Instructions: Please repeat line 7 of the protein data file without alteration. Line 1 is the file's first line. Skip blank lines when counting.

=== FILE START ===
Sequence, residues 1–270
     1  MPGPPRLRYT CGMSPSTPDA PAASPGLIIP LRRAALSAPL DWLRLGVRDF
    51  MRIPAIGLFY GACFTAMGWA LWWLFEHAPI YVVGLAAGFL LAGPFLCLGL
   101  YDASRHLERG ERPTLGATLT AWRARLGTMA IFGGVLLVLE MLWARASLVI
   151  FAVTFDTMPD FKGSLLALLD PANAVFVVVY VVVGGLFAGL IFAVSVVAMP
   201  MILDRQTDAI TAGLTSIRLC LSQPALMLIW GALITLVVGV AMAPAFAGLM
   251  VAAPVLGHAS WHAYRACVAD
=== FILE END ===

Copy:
   251  VAAPVLGHAS WHAYRACVAD